Compassion satisfaction (CS) among healthcare professionals is a sense of gratification derived from caring for their suffering patients. In contrast, compassion fatigue, often a consequence of burnout (BO) and secondary traumatic stress (STS), is detrimental to healthcare professionals’ productivity and patient care. While several studies have examined CS, BO, and STS among healthcare professionals, the majority have assessed samples in specific disciplines. However, the comparative differences in these factors by discipline or work setting are not well known. The aims of this study were to examine the differences in CS, BO, and STS by discipline and work setting, and to assess demographic, work-related, and behavioural factors associated with these outcomes. An electronic survey was administered (N = 764) at a large academic medical centre in the southeast United States. Questions elicited demographic variables, work-related factors, behavioural/lifestyle factors, experience with workplace violence, and the Professional Quality of Life Scale. Findings of the study determined that the rates of CS, BO, and STS vary across healthcare disciplines and work settings. Demographic, work-related, behavioural, and work setting (i.e., experience of workplace violence) factors were differentially associated with experiences of CS, BO, and STS. The results of the study suggest two potential areas for research, specifically workplace violence and sleep quality as a means of further understanding reduced CS and increased BO and STS among healthcare workers. These findings have important implications for future research and policy interventions to enhance healthcare workers’ health and safety.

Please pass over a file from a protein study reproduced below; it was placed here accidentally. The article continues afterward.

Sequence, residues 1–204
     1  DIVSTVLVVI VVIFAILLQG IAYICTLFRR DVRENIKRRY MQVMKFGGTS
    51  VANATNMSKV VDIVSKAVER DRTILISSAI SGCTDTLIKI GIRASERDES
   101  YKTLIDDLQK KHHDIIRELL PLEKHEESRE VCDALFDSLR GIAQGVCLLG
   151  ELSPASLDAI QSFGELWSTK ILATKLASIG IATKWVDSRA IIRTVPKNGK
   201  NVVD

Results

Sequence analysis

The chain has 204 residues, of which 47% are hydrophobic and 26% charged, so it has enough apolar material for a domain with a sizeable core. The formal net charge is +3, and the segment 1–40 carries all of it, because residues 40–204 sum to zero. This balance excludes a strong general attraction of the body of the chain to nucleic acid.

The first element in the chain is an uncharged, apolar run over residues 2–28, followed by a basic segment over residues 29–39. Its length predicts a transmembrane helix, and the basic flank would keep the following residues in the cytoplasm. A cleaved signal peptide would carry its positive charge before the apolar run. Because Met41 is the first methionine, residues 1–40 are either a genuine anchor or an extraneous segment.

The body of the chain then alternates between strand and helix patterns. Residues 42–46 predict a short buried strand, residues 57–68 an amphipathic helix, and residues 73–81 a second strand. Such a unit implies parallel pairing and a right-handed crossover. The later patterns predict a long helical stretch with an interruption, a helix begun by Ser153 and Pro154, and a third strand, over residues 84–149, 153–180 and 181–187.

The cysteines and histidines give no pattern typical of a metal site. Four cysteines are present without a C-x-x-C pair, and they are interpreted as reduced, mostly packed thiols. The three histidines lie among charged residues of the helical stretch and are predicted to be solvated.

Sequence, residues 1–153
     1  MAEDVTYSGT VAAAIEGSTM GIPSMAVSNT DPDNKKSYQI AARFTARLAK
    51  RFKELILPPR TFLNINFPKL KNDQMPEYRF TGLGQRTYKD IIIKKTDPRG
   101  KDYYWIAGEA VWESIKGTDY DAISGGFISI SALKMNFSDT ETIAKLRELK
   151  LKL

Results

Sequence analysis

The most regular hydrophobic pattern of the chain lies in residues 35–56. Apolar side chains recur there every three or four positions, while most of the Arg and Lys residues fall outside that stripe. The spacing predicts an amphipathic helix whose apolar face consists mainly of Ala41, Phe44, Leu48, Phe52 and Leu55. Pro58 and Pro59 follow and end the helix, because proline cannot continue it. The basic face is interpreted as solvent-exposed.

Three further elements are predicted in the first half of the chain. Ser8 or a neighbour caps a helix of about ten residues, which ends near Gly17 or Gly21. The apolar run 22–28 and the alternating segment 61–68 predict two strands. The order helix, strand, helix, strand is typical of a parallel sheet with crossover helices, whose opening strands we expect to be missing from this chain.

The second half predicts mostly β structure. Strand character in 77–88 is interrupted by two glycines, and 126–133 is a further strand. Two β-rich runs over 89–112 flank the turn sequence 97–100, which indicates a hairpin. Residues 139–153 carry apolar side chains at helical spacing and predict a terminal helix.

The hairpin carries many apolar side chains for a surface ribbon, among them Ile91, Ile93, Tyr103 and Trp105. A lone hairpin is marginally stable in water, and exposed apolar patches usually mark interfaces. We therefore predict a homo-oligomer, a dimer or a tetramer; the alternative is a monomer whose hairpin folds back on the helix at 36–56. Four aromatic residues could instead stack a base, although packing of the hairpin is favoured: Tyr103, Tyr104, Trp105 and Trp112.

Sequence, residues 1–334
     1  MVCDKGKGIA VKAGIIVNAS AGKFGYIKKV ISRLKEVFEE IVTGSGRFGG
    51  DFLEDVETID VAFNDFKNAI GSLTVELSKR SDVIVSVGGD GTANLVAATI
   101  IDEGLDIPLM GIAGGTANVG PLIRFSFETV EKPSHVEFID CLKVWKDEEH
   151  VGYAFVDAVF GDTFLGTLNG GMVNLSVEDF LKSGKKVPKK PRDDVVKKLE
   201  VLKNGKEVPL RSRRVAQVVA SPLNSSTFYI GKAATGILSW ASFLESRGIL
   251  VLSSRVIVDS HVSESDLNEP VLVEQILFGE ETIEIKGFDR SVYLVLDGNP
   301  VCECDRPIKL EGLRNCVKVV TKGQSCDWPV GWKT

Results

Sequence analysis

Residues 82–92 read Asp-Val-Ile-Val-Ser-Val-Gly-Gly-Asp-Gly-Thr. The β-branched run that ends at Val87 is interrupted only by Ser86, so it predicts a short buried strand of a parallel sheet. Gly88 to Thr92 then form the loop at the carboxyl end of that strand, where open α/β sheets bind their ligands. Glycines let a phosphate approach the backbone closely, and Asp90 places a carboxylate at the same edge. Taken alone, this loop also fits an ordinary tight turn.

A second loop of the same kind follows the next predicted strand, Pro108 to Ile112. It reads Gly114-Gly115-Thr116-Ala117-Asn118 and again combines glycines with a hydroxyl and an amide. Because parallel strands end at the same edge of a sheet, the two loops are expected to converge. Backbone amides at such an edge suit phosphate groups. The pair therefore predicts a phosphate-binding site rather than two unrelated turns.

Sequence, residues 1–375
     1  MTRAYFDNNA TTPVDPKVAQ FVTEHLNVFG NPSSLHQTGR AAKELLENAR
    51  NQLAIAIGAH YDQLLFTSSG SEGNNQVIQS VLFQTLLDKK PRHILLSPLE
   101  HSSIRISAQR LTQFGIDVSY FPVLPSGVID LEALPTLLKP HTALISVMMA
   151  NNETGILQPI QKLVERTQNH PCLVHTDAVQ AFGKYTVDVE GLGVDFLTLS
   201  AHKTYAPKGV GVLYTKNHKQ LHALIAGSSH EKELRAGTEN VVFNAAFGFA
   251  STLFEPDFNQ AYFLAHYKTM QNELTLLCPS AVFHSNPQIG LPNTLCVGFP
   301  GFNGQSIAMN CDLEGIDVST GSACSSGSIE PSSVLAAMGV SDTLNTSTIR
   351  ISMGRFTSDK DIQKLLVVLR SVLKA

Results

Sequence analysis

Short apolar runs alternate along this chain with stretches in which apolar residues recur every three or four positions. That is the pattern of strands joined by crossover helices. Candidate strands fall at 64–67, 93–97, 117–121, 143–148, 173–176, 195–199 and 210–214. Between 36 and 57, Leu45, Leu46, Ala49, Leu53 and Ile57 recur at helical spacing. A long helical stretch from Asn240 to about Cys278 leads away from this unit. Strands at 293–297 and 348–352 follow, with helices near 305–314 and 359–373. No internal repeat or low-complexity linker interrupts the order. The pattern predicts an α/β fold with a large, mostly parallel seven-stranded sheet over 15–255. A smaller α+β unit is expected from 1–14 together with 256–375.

|Number of pages||12|
|Journal||International Journal of Mental Health Nursing|
|State||Published - Jun 1 2020|
Bibliographical notePublisher Copyright:
© 2019 Australian College of Mental Health Nurses Inc.
Copyright 2020 Elsevier B.V., All rights reserved.
- compassion satisfaction
- healthcare professionals
ASJC Scopus subject areas
- Psychiatric Mental Health